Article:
People in several countries have held demonstrations to denounce deadly crackdown on Egyptian protesters.
On Monday, many Indonesians held a demonstration in the capital Jakarta to condemn violence by Egyptian security forces.
The protesters carried banners reading “Stop massacre, save Egypt.”
They called on the Indonesian government, as well as the international community, and human rights groups to help stop the bloodshed.
A similar protest in support of ousted Egyptian President Mohamed Morsi was also held in the Gaza Strip, where Palestinians condemned violence in the North African country.
In the German capital Berlin, activists from human rights organizations rallied in front of the Egyptian embassy to protest the recent killing of demonstrators by Egyptian security forces.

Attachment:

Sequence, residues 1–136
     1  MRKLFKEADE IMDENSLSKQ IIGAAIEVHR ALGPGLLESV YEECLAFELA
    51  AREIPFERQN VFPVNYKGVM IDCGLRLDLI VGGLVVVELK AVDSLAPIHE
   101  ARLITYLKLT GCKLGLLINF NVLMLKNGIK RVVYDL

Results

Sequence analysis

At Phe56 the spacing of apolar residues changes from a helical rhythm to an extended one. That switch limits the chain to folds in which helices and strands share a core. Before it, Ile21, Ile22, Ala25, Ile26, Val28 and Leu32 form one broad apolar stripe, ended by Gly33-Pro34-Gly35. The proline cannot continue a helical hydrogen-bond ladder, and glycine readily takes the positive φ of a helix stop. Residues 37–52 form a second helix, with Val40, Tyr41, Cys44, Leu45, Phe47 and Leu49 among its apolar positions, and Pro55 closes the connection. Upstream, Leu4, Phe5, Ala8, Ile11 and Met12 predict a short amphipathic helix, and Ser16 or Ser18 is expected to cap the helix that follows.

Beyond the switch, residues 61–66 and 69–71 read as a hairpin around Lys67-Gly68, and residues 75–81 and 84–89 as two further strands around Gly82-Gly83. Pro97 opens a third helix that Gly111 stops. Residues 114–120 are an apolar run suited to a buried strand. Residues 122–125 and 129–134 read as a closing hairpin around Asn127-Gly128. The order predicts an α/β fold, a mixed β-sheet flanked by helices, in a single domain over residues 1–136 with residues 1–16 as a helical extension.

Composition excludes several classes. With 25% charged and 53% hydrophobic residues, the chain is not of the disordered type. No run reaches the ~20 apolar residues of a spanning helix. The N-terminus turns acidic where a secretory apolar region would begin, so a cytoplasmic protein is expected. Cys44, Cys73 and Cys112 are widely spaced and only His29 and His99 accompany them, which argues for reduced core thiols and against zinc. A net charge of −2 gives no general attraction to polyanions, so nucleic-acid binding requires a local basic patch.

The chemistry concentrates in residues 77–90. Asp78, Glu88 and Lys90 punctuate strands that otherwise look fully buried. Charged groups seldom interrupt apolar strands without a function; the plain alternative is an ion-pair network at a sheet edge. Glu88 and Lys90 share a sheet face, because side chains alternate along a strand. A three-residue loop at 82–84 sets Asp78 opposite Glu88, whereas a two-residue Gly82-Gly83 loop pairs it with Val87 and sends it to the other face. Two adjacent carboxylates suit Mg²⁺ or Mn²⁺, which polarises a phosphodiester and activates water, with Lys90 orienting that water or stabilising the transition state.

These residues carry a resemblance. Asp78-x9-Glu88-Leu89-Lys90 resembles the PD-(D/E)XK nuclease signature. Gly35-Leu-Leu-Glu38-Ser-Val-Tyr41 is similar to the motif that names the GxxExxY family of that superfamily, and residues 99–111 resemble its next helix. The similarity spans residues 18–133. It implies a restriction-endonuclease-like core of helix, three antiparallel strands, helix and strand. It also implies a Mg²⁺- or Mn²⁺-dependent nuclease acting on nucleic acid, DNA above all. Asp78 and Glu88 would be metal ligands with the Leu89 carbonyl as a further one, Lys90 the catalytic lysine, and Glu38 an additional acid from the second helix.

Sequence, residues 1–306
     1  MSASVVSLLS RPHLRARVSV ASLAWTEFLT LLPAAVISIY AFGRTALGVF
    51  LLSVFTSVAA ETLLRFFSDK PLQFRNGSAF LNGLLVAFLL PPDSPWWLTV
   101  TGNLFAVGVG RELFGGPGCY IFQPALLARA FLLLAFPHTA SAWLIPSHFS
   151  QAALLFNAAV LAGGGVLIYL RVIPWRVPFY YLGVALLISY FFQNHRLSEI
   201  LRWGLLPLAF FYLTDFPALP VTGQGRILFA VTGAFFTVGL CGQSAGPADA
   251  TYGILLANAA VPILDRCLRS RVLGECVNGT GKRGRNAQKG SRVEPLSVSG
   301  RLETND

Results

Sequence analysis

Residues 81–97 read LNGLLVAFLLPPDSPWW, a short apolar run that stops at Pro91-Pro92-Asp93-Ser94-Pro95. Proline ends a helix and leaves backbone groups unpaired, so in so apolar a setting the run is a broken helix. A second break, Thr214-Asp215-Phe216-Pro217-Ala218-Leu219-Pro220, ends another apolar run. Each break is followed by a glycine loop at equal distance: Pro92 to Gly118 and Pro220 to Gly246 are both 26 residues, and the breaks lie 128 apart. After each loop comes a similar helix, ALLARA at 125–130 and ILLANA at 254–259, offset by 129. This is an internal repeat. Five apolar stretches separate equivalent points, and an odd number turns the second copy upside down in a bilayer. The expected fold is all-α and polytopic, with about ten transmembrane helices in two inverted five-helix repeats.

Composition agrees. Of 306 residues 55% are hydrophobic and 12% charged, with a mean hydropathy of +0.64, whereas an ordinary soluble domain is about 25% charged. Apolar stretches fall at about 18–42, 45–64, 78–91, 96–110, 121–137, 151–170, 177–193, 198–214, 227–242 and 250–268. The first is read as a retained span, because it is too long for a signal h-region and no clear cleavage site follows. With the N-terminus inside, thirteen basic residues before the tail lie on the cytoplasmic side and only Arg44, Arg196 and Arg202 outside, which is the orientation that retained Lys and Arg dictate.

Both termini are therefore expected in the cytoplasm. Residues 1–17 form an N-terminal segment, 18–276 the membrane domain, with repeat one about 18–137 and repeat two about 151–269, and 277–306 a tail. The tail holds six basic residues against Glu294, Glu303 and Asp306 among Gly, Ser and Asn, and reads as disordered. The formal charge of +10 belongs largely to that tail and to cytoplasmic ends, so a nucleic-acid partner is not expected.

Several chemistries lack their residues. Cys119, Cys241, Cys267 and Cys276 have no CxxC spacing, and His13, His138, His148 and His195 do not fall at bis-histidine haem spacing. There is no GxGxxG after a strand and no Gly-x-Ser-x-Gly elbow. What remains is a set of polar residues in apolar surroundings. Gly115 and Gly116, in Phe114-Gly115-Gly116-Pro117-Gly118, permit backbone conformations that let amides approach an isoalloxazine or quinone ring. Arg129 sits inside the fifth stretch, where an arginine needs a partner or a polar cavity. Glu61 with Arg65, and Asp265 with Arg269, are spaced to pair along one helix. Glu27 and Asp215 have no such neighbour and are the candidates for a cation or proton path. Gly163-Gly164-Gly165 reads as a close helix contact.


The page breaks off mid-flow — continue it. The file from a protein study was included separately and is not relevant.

In a statement released on the same day, Amnesty International’s secretary-general, Salil Shetty, said, “To the government we are saying that they have to stop excessive use of force. There has to be a process of following international human rights standards.”
On August 16, tens of thousands of people took to the streets across Egypt in response to a call by the Muslim Brotherhood for nationwide protests on the “Friday of Rage” against the army and its hand-picked government.
The security forces and opponents of the Brotherhood opened fire on the supporters of Morsi, leaving more than 170 people dead and some 1,330 more injured across Egypt.
On August 14, the government launched a brutal crackdown on thousands of peaceful protesters in Cairo demanding the reinstatement of Morsi, leaving about 640 dead.
On July 22, EU foreign ministers called on Egypt’s army to stand aside and allow a peaceful transition to civilian rule following the overthrow of Morsi in a military coup.
Tension has intensified in Egypt since July 3, when army chief, Abdel Fattah al-Sisi, removed Morsi from office, suspended the constitution and dissolved the parliament.